I’ve never really used lentils outside of Asian cuisine and up until recently I’d never seen them much cooked other than in my favourite Tarka Dal and perhaps the occasional curry, although chickpeas are generally the preferred choice here for their chunkier texture. But as culinary taste has diversified and our city has started to welcome cuisines from all different cultures, I’ve learned that there are many flavours and traditions surrounding these pulses. I’ve seen lentils in a totally new light and love them even more for their ability to adapt and embrace whatever we throw at them.
This style of lentils takes heritage from middle-eastern flavours, still a recent awakening within London’s food scene but totally taking it by storm. With sharp spices then mellowed down with ripe and fresh tomatoes smashed lentils are just the ultimate wholesome comforting meal, perfectly matched with some flatbread and hummus. Of course, you don’t need me to tell you that lentils are powerhouses, nutritious and also easy on the wallet too. So, with all those positive on our side, I think it’s safe to say that the era of lentils is now… but maybe I’m getting carried away by food-enthusiasm.
- 200g uncooked lentils (Around 2 1/2 cups – small varieties such as puy, brown or beluga work best)
- 3 plum-sized tomatoes (diced)
- 3 cloves of garlic
- 1 heaped teaspoon ground cumin
- 1/2 teaspoon ground coriander
- Juice from 1 lemon
- A handful of fresh coriander
- Salt and pepper to taste
- Olive oil
Rinse your lentils 2-3 times. Then, cover in boiling water and cook for around 15-20 minutes, ensuring they never dry out. Pour away excess water and place to one side.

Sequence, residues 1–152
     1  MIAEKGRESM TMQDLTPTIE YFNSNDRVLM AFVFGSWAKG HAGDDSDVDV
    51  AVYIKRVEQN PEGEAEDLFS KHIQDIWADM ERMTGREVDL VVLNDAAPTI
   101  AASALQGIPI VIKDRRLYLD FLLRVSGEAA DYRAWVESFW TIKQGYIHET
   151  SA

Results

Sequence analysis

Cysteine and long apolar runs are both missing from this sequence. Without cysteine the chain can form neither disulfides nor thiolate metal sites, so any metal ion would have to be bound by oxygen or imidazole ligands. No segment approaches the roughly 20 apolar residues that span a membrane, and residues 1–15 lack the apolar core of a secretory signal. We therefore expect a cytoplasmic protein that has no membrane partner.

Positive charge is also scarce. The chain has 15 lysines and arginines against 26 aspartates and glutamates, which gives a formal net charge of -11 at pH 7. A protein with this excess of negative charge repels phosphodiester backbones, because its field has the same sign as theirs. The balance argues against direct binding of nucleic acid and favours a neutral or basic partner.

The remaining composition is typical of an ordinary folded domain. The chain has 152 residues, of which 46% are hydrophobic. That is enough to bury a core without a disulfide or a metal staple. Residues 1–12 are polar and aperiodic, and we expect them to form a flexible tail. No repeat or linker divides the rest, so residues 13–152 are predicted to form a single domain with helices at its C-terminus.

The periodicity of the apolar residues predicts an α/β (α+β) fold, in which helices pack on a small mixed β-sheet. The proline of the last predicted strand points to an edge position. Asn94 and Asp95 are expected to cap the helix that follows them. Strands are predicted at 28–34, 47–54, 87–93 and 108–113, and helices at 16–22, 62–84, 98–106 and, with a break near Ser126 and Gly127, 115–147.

Bring a frying pan to medium heat, then add a generous drizzle of olive oil. Crush the garlic cloves and fry with the cumin, then stir in the tomatoes. Cook for around 30 seconds to a minute to soften the tomatoes, then add the lentils, lemon juice, fresh coriander and salt and pepper to taste.
Stir vigorously to smash the lentils and create a more dhal-like consistency. Serve with flatbread (recipe below).
Bonus: If you fancy making your own flatbread from scratch, give this recipe a go. All you need is:
- 2 cups spelt flour
- 1 cup warm water
- A pinch of salt
Method: Simply combine the salt and spelt flour in a bowl, then gradually add the water, using your hands to mix and knead as you go until a dough ball forms. Add extra flour if it’s too sticky.
Sprinkle some flour on a clean surface and rolling pin. Roll a palm-sized amount of dough into a ball, then use the rolling pin to roll out into a thin circular shape. Repeat until all the dough is used.
Bring a frying pan to medium heat, then place the flatbread in the centre of the pan. Allow to cook for around a minute before turning over. After this, I like to put the flatbread under the grill for another minute on each side to get that crunch. Repeat with the rest of the dough. Enjoy!